Organizations Montana U.S. Rep. Ryan Zinke (photo courtesy of the Ryan Zinke Exploratory Committee).
U.S. Rep. Ryan Zinke (R-MT) is enjoying the praise of a number of left-wing environmental groups after his vote last week against a Congressional budget bill because it included an amendment regarding the study and process of possible transfers of certain federal lands to state and local control.
Playing into the current liberal narrative that equates any discussion of more state and local control of federal multiple use lands to wholesale public lands “sell-offs,” Zinke characterized his vote as one to “defend public lands” and stated, “Montana is not for sale.”
“This conference process resulted in the revised budget resolution that included a provision that, as a fifth generation Montanan, I simply could not vote for,” Zinke stated in a press release. “It included vaguely-written language to allow the sale of public lands. I have said before, and I will say again: Montana is not for sale.”
Zinke’s vote and statement received high praise from a number of liberal environmental groups, including Backcountry Hunters and Anglers (BHA), Montana Wildlife Federation (MWF), and the Montana Wilderness Association.
“In the spirit of Theodore Roosevelt, he showed leadership by doing what is right, not only for Montana but for America,” John Sullivan, co-chair of BHA’s Montana chapter said in a statement.
Both BHA and MWF have been labeled as “green decoys” by conservative groups, which accuse them of using “sportsmen advocacy” as a front for more liberal and environmentalist causes.
Through its executive director Land Tawney, BHA is tied with another so-called “green decoy,” Montana Hunters and Anglers (MHA) which worked extensively to get Democratic U.S. Sen. Jon Tester re-elected. Using its associated political action committee, Montana Hunters and Anglers Leadership Fund, and the 501(c)(4) non-profit group Montana Hunters and Anglers Action!, MHA spent nearly $1.2 million on ads opposing Tester’s 2012 Republican opponent, then-U.S. Rep. Denny Rehberg.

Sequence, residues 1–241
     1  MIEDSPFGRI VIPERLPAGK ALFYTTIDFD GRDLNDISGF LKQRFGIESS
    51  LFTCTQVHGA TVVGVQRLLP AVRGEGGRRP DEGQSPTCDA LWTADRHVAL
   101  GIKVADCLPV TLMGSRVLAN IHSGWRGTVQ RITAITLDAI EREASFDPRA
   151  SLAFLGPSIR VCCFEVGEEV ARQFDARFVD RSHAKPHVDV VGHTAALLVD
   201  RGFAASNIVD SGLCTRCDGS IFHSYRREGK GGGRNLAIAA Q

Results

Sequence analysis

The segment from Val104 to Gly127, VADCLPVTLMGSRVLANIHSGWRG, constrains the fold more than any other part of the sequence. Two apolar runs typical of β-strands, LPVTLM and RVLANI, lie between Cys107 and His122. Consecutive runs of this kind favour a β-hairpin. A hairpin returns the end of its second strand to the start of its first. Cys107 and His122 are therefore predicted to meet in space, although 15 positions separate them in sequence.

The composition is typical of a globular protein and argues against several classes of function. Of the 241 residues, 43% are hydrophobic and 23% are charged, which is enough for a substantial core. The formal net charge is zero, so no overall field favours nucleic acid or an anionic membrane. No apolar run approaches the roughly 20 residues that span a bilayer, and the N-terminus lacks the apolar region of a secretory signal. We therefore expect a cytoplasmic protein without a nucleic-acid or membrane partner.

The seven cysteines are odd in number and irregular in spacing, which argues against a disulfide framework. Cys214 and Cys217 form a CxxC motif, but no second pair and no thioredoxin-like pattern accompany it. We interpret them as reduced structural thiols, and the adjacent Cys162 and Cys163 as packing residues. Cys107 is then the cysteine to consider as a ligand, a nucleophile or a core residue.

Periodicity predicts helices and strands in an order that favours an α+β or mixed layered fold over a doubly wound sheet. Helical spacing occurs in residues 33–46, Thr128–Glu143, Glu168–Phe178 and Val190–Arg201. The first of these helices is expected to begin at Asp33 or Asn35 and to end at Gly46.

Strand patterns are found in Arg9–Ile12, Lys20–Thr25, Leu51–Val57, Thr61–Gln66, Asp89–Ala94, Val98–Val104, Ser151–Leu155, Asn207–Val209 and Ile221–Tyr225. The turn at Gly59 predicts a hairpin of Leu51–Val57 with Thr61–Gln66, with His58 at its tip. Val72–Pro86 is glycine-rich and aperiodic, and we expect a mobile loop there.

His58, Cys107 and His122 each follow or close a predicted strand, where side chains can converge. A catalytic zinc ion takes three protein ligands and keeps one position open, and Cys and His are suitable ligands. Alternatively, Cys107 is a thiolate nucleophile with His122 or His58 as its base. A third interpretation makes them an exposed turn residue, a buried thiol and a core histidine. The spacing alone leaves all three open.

The actions of MHA in 2012 caused the non-profit watchdog Pro-Publica to declare in a headline, “In Montana, dark money helped Democrats Hold a Key Senate Seat.”
The amendment in question was added to the budget bill by U.S. Sen. Lisa Murkowski (R-AK). Here is the full text of the amendment:
The Chairman of the Committee on the Budget of the Senate may revise the allocations of a committee or committees, aggregates, and other appropriate levels in this resolution for one or more bills, joint resolutions, amendments, amendments between the Houses, motions, or conference reports relating to initiatives to sell or transfer to, or exchange with, a State or local government any Federal land that is not within the boundaries of a National Park, National Preserve, or National Monument, by the amounts provided in such legislation for those purposes, provided that such legislation would not raise new revenue and would not increase the deficit over either the period of the total of fiscal years 2016 through 2020 or the period of the total of fiscal years 2016 through 2025.
The amendment comes amid a growing controversy in the Western United States over the federal management of public lands. In a region of the country where large portions of states are owned by the federal government — 30 percent in Montana — many have become dissatisfied with federal land management practices and a movement has grown in several states calling on the federal government to transfer control of, in particular, federal multiple-use lands to the states.
However, this movement has given raise to an equally vocal — mostly environmentalist opposition — who see the transfer idea as unconstitutional, unfeasible, and a kind of “trojan horse” for the sell-off of public lands to private interests.
Sen. Murkowski has hit back against critics of the amendment noting that groups were “misrepresenting the facts.” The amendment itself actually transferred no land, exempted large categories of federal land, and stipulated that exchanges were to be with state or local governments.
“This amendment doesn’t sell, transfer, or exchange any piece of property. It provides a general budgetary mechanism that would apply to future legislation, Murkowski stated in a press release. “Any actual transfers or exchanges of land would still need to go through the regular order legislative process and be signed into law. Also, this amendment specifies that lands within a national park, national preserve, or national monument do not qualify.”
“This simple one-paragraph amendment enables, with proper safeguards, the types of exchanges, sales or transfers with states or local governments that are often used to craft balanced, comprehensive land policies that facilitate economic development, empower states and local governments, and improve conservation efforts,” Murkowski continued.